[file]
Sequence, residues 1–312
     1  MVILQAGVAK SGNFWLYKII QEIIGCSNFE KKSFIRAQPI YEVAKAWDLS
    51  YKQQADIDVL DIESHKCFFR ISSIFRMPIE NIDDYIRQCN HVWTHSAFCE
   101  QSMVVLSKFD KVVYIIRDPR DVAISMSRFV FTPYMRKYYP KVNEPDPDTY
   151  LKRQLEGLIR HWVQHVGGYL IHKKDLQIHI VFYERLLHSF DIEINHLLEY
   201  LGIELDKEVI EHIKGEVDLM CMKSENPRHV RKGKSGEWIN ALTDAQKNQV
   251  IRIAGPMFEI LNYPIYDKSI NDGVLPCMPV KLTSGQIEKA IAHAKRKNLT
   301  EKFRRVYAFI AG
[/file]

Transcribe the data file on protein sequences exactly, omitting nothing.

Sequence, residues 1–312
     1  MVILQAGVAK SGNFWLYKII QEIIGCSNFE KKSFIRAQPI YEVAKAWDLS
    51  YKQQADIDVL DIESHKCFFR ISSIFRMPIE NIDDYIRQCN HVWTHSAFCE
   101  QSMVVLSKFD KVVYIIRDPR DVAISMSRFV FTPYMRKYYP KVNEPDPDTY
   151  LKRQLEGLIR HWVQHVGGYL IHKKDLQIHI VFYERLLHSF DIEINHLLEY
   201  LGIELDKEVI EHIKGEVDLM CMKSENPRHV RKGKSGEWIN ALTDAQKNQV
   251  IRIAGPMFEI LNYPIYDKSI NDGVLPCMPV KLTSGQIEKA IAHAKRKNLT
   301  EKFRRVYAFI AG